Afghan scenarios


Shahid M Amin
INTERNATIONAL relations, like human relations, can at times be very complicated. What seems good turns out to be bad and what seems bad may turn out to be good. Afghanistan is a case in point. When the Soviet Union sent armed forces to Afghanistan in 1979 to protect the crumbling Communist regime, there was condemnation worldwide. Pakistan saw the Soviet military occupation of Afghanistan as a direct threat to Pakistan’s own security. In opposing Soviet military intervention in Afghanistan, our logic was as follows.
Firstly, the seizure of power in Kabul by the miniscule Communist party was both illegitimate and unacceptable. The Afghan people had risen in revolt against a regime practicing an alien ideology that violated the Islamic and cultural values of the Afghan people. Secondly, the PDPA regime was a mere puppet dancing to the tune of its paymasters in Moscow. When the regime was about to collapse, the Soviets decided to intervene militarily to consolidate their stranglehold over Afghanistan. Thirdly, we were indignant that a brother Muslim people were being kept in bondage through the use of brute force, resulting also in the heavy influx of Afghan refugees into Pakistan. Fourthly, we argued that Afghanistan itself was not the prize for the Soviets. It was only the stepping stone to warm waters and oil riches of the Persian Gulf. Pakistan with its porous borders would, therefore, be the next target for an expansionist Soviet Union.
This line of thinking was not unique to Pakistan but was also accepted by most states in the world, as shown by the repeated condemnation of Soviet occupation by over 100 states at UN General Assembly. No doubt, this turn of events rescued the military ruler General Ziaul Haq from international isolation. But Pakistan’s national interests were the real consideration. Our support for Afghan Jihad was morally and legally justified and made sense on strategic grounds. The US was also opposed to Soviet military occupation of Afghanistan but that was more in context of bleeding the Soviets in guerilla warfare and converting Afghanistan into their Vietnam. Against this background, the Mujahidin leaders were greeted by President Reagan at the White House. Osama bin Laden was among the Arab volunteers who joined the Afghan Jihad. A mutuality of interests had brought Pakistan, USA, Afghan Mujahidin and Osama in an alliance of convenience.
Once the Jihad succeeded and the Soviets withdrew from Afghanistan in 1989, the mutuality of interests ended. The US was now more focused on rolling back Pakistan’s nuclear weapons capability. It applied all kinds of sanctions on Pakistan to do so. The extremist Islamist agenda of the Mujahidin and Osama worried the US and the West. Al-Qaeda emerged as a major security threat. Some observers note a duality in USA first supporting the Mujahidin and Osama, but later turning against them. The apparent reason was that the common purpose was no longer there after Soviet withdrawal. The same happened to Pakistan. After the Afghan Jihad, we found that some of these Mujahidin and Osama turned into Frankensteins who threatened Pakistan’s law and order (and continue to remain a serious problem for our security). So what was a good thing at one time turned into a bad thing later on. Some people think that we should not have opposed the Soviets in the 1980s. But in that case, the Soviets would have retained full control of Afghanistan, posing the threats to Pakistan and the region, outlined above. The conclusion: life is very complicated and there are no easy solutions.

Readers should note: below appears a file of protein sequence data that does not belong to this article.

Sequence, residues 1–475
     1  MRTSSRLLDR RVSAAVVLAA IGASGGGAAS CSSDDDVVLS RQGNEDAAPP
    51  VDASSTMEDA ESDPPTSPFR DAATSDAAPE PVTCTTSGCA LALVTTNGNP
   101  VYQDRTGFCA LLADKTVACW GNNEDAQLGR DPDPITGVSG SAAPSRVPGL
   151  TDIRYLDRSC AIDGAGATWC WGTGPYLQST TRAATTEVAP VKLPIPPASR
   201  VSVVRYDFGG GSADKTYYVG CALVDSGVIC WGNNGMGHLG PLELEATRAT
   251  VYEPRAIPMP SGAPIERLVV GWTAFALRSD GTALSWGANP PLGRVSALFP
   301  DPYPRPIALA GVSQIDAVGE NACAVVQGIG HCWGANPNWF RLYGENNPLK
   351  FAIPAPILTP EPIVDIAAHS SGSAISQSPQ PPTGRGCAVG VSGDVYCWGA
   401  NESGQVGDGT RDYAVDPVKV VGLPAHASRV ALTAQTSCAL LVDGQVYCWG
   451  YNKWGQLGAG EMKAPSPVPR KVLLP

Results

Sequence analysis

Take the present complex situation in Afghanistan. One possibility is that Afghan Taliban might again rule Afghanistan. But will Afghanistan have peace, since the high probability is that the non-Pakhtuns –Tajiks, Uzbeks, and Hazaras– comprising the Northern Alliance, would oppose Taliban rule. The civil war would continue in a new shape. The world community will be unwilling to coexist with a Taliban regime. The extreme Islamist, anti-women and anti-democratic policies of that regime would be opposed by most countries. A Taliban regime could become the nursery and sanctuary for Islamist extremists and terrorists from all over the world. For these reasons, the anti-Taliban groups will receive help from Iran, India, the Central Asian States and possibly Russia, USA and even China.
Some analysts are pleased with prospects of a US defeat in Afghanistan and believe that Taliban rule would give us ‘strategic depth’. In actual fact, an American exit from Afghanistan and a second spell of Taliban rule would not decrease our security concerns. The first Taliban regime never paid heed to Pakistan, nor will a second such regime. With a continuing civil war, more Afghan refugees might arrive in Pakistan. Our own terrorists of various hues would find sanctuaries in Afghanistan. And if Pakistan were to befriend such a Taliban regime, we could even be declared a terrorist state. Under the circumstances, continued US/NATO presence in Afghanistan will be a lesser problem if the alternative is Taliban rule, in which extremists run riot.
Pakistan is particularly vulnerable to Islamist extremism and terrorism, which has hurt us so badly and has become a major problem in conduct of our foreign policy. We should look at developments in Afghanistan dispassionately. The lesson of recent history is that we have burned our fingers when we get involved in Afghanistan’s internal affairs. Our security will be best ensured when there is peace and stability in Afghanistan, which will come with the establishment of an Afghan government including all ethnic groups, including the majority Pakhtuns.
— The writer served as Pakistan’s Ambassador to Saudi Arabia, Soviet Union, France, Nigeria and Libya.

Share this post

    scroll to top